Reference to a “biological sample” should be understood as a reference to any sample of biological material derived from an animal such as, but not limited to, faeces, mucus, urine, biopsy specimens and fluid which has been introduced into the body of an animal and subsequently removed such as, for example, the saline solution extracted from the lung following lung lavage or the solution retrieved from an enema wash. The biological sample which is tested according to the method of the present invention may be tested directly or may require some form of treatment prior to testing. For example, a biopsy sample may require homogenisation prior to testing. Further, to the extent that the biological sample is not in liquid form, (for example it may be a solid, semi-solid or dehydrated liquid sample) it may require the addition of a reagent, such as a buffer, to mobilize the sample. The mobilizing reagent may be mixed with the biological sample prior to application of the sample to the carrier matrix or the reagent may be applied to the sample after the sample has been applied to the carrier matrix. The use of a mobilizing reagent may also be required to facilitate lateral flow (wicking) of the sample along the carrier matrix. Preferably, the biological sample is a gastrointestinal sample. By “gastrointestinal sample” is meant any sample which is derived from the gastrointestinal tract. For example, feces, mucus (for example the mucus from a rectal mucus swab), enema wash solution or a gastrointestinal tract biopsy sample. Most preferably, the biological sample is a stool sample, or a sample of water from a toilet bowl containing a stool.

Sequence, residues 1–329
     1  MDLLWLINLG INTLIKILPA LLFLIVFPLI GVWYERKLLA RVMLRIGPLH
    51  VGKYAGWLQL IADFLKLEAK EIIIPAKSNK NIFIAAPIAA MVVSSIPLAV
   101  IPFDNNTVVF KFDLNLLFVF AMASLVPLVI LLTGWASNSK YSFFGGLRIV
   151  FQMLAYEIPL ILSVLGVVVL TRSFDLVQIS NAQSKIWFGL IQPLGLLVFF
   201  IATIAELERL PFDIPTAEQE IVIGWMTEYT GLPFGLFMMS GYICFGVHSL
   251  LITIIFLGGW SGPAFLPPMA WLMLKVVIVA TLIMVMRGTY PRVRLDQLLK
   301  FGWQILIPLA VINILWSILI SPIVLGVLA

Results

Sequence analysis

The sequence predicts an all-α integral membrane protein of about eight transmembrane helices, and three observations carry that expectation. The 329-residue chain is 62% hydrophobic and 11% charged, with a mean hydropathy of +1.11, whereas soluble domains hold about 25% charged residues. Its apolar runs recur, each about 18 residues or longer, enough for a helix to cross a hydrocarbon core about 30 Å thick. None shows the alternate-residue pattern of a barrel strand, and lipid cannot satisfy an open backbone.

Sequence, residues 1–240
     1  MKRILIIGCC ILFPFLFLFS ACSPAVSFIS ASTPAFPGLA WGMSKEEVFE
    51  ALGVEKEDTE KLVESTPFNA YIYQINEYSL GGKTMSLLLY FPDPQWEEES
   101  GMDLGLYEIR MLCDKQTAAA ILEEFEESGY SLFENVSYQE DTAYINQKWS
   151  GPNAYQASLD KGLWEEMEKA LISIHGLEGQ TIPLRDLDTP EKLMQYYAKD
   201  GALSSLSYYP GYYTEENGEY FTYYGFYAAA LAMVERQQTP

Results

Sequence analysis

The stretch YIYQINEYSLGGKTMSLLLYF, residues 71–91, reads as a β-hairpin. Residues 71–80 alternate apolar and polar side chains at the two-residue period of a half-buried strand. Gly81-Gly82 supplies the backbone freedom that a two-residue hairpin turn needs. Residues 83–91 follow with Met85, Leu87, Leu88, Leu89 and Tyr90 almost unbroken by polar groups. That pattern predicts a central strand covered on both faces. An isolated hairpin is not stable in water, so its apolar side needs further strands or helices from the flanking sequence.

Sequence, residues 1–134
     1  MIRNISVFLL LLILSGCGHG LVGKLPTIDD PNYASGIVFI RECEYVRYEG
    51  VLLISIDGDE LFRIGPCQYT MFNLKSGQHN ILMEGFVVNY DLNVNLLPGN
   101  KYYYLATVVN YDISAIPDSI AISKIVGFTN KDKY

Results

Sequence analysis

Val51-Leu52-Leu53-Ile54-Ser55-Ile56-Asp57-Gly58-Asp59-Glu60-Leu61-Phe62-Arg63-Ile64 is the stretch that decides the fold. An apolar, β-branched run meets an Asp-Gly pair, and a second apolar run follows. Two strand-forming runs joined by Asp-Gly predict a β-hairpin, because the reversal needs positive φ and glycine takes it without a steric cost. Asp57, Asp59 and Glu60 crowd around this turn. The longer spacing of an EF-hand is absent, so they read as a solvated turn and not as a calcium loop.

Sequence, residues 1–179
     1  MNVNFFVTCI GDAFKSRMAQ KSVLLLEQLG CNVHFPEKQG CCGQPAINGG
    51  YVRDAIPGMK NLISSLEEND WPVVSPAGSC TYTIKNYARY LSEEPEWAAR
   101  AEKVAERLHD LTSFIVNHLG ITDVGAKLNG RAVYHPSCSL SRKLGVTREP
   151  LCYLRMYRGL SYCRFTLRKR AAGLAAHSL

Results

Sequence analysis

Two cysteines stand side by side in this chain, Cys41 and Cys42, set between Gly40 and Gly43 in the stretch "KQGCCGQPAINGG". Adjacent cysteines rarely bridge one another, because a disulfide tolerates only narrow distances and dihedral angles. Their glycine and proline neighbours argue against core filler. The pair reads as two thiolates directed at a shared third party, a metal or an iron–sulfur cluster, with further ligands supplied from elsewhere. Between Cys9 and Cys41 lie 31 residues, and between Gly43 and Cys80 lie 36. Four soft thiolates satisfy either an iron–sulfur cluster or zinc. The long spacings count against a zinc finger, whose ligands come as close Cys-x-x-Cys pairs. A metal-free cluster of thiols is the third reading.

The term “animal” as used herein includes a human, primate, livestock animal (e.g. sheep, pig, cow, horse, donkey), laboratory test animal (e.g. mouse, rat, rabbit, guinea pig) companion animal (e.g. dog, cat), captive wild animal (e.g. fox, kangaroo, deer), ayes (e.g. chicken, geese, duck, emu, ostrich), reptile or fish. Preferably, however, the animal is a human.
Preferably, the carrier matrix used in forming the test device of the present invention is in the form of a test strip of a suitable material which permits liquid-conductive communication between the various zones or regions of the matrix. A particularly preferred material is one which allows capillary flow, such as an open-celled, chemically inert matrix, with porous plastics material, filter paper and glass fiber being preferred. Other suitable materials are well known in the art (see, for example, Lam U.S. Pat. No. 4,071,318), and are intended to be encompassed within the scope of the present invention.
Preferably, the sample application region of the carrier matrix includes an absorbent pad such as a non-woven polyester pad which is impregnated with a reagent to lyse any red blood cells present in the sample so as to release hemoglobin, to minimise binding to the pad and to promote sample flow from the pad. Particularly suitable lysis reagents are detergents (such as Triton X100). After the sample is applied to the pad, a mobilizing agent such as water or a water/ethanol mixture can be applied to the pad to mobilize any heme (and globin) in the sample and permit or cause the sample to flow or wick by capillary action through the carrier matrix to the substrate region(s).